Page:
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Your Path in Research: A consultant urologist's journey

Your Path in Research: A consultant urologist's journey

Dr Magda Kujawa has been a Consultant Urologist at Stockport NHS Foundation Trust since 2009. As part of the NIHR’s #YourPathInResearch campaign, Magda blogs about how she came to work in research and encourages other health professionals to consider a career in the field. 

 

My sub-specialist interest is female and functional urology and I did pursue some research projects as a registrar, but compared to uro-oncology, there weren’t at that time many opportunities in Manchester to take on a Masters Degree in this area.

One of my mentors was Dr Chris Betts, a Consultant Urologist who was a national lead for benign urology as part of the NIHR renal portfolio. He was very keen to involve more centres in research and recruitment to NIHR trials and so asked for volunteers to set up a network in Greater Manchester (GM) during a meeting in September 2015.

I was really keen to pursue opportunities to develop functional urology in Manchester, especially as someone working in a busy District General Hospital (DGH) setting, so I thought this was a great opportunity to support projects and to see what could be achieved. I therefore volunteered to become the GM lead for benign urology.

At that time, the numbers being recruited to trials in Greater Manchester urology were dismal and we were second from bottom in the country in 2015. However, along with Joanne Collins, our Clinical Research Network Research Delivery Manager, and Hilary Prais, CRN portfolio administrator, we identified key individuals, consultants and research nurses in each trust. These were people who  were enthusiastic and motivated to recruit to benign urology trials and we set up a twice-yearly meeting with them to report back after our national meeting and keep them updated. Meetings were relaxed and informal, but with key messages and engendered some competition between the units.

I had never recruited to NIHR trials before and had only a basic understanding of the organisation. Also, our local Research and Innovation (R&I) unit was not as active at that time and was very focused on uro-oncology studies, so initially I was supported by research nurses from Central Manchester NHS Foundation Trust, as it was then (now known as Manchester University NHS Foundation Trust). Thankfully, Stockport appointed a new R&I  manager who has transformed NIHR research activity locally and with her support I became a Principal Investigator (PI)  for the Latitude trial and off I went!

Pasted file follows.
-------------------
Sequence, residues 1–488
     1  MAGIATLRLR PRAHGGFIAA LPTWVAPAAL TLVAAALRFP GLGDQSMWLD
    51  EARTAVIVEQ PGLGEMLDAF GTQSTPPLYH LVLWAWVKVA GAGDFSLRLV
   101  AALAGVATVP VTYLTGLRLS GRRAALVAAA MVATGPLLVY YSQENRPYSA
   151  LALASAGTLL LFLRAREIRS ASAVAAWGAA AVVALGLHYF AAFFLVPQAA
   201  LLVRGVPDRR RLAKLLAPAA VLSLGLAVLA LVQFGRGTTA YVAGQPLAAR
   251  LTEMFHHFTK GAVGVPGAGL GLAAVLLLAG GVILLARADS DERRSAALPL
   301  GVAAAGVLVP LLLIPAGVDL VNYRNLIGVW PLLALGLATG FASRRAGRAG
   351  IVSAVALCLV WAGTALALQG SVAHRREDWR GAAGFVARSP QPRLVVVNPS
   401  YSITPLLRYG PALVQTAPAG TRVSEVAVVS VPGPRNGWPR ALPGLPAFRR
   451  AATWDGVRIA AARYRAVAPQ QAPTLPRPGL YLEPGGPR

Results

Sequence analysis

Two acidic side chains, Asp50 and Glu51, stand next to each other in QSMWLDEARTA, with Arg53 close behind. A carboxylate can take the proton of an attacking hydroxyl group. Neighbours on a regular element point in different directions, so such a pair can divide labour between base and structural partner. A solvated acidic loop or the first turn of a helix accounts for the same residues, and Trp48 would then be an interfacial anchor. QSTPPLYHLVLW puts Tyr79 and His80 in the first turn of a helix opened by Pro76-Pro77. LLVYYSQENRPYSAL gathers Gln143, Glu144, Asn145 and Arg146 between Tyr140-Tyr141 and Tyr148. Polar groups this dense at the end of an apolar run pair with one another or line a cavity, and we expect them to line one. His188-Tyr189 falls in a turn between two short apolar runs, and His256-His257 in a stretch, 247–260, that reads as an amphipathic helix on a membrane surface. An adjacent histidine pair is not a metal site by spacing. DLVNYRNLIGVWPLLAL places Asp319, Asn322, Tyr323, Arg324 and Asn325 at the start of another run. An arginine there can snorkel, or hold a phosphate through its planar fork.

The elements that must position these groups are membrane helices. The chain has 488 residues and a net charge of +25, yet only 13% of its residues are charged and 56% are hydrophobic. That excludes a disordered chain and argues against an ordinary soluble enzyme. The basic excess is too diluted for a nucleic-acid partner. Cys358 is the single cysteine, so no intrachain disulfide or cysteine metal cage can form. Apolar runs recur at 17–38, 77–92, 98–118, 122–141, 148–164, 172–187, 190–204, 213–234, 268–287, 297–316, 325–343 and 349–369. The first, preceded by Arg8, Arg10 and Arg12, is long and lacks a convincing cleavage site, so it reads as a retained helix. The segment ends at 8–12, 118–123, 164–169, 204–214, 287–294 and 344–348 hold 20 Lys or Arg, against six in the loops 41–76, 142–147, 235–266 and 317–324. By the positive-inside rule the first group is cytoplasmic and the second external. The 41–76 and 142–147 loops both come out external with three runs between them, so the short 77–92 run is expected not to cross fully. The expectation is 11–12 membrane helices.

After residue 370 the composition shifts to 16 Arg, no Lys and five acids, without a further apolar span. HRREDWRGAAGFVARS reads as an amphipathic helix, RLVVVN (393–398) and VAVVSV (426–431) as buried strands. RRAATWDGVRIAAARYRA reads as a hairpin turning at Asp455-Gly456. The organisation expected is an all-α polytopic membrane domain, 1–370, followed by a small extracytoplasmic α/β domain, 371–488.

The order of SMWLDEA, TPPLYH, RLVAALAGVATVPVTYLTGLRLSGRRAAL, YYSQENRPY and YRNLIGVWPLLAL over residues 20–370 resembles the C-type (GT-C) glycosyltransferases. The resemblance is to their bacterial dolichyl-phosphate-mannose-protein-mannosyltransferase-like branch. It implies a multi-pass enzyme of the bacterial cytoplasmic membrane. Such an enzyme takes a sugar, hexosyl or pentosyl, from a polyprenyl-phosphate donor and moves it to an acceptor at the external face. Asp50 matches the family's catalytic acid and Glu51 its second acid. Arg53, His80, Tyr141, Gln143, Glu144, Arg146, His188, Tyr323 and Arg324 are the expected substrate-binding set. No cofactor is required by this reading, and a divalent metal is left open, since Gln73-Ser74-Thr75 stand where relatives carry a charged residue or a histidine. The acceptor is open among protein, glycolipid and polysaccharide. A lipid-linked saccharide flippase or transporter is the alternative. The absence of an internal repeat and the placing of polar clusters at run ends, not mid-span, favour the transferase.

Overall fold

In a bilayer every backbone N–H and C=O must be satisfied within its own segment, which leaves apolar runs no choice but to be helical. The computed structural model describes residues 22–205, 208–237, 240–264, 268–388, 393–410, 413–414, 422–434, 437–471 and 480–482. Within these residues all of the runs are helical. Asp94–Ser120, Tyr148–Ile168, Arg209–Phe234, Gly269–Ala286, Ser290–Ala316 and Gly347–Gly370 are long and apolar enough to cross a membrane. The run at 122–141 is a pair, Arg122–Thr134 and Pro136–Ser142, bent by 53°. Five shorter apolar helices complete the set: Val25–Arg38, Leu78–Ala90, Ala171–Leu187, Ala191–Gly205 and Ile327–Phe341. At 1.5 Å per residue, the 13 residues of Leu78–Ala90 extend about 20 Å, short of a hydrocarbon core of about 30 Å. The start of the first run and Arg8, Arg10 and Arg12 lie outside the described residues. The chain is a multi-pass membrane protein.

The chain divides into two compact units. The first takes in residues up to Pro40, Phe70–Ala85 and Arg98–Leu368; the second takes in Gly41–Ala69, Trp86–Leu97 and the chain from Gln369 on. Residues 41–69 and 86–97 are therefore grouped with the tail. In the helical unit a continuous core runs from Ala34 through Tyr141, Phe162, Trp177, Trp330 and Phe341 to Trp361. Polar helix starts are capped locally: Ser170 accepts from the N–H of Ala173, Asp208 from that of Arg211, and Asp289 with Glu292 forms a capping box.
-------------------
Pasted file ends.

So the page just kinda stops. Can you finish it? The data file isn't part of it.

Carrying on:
Initially having felt a bit of a fraud, I felt happier chairing our GM meetings since I was active in recruiting patients and able to encourage others also. We were able to support a colleague who had done a pilot study locally to expand this as an NIHR portfolio study which did wonders for GM numbers. With continued enthusiasm we’ve seen GM come out top recruiters for 2018/19. I’ve been very proud of this rise when sat in the national meeting. Our network is described as the “gold standard” of how to facilitate and encourage recruitment. We’ve been invited to attend meetings in different regions to explain “how we did it.”

I’ve also been involved in encouraging research practices with our trainees to encourage the next generation. The INSPIRE meeting organised locally by the Surgical NIHR leads in the GM and Mersey deaneries was aimed at CT1 (first year of Core Medical Training) trainees and involved most of the sub-specialties.

I now receive a contribution to my SPAs (Supporting Professional Activities) from the NIHR as a recognition for the work done which also encouraged me to continue. I’ve now been approached by units setting up trials since they can see we’re active recruiters in Stockport. I’m looking forward to the publications of the Latitude and FUTURE trials as the findings will have direct implications for my patients and hopefully changes in practice for the better.

I’d really encourage those considering involving themselves with NIHR trials to contact their R&I department or to contact the GM Clinical Research Network team for a clinician contact for help with getting started. It will add a new dimension to your job and the networks in GM are well set up to put you in touch with a research-active clinician and for information on trials open to recruitment.

 

The NIHR has launched its new campaign, Your Path in Research, in October 2019. The campaign aims to inspire health care professionals to get more involved in research. Read how here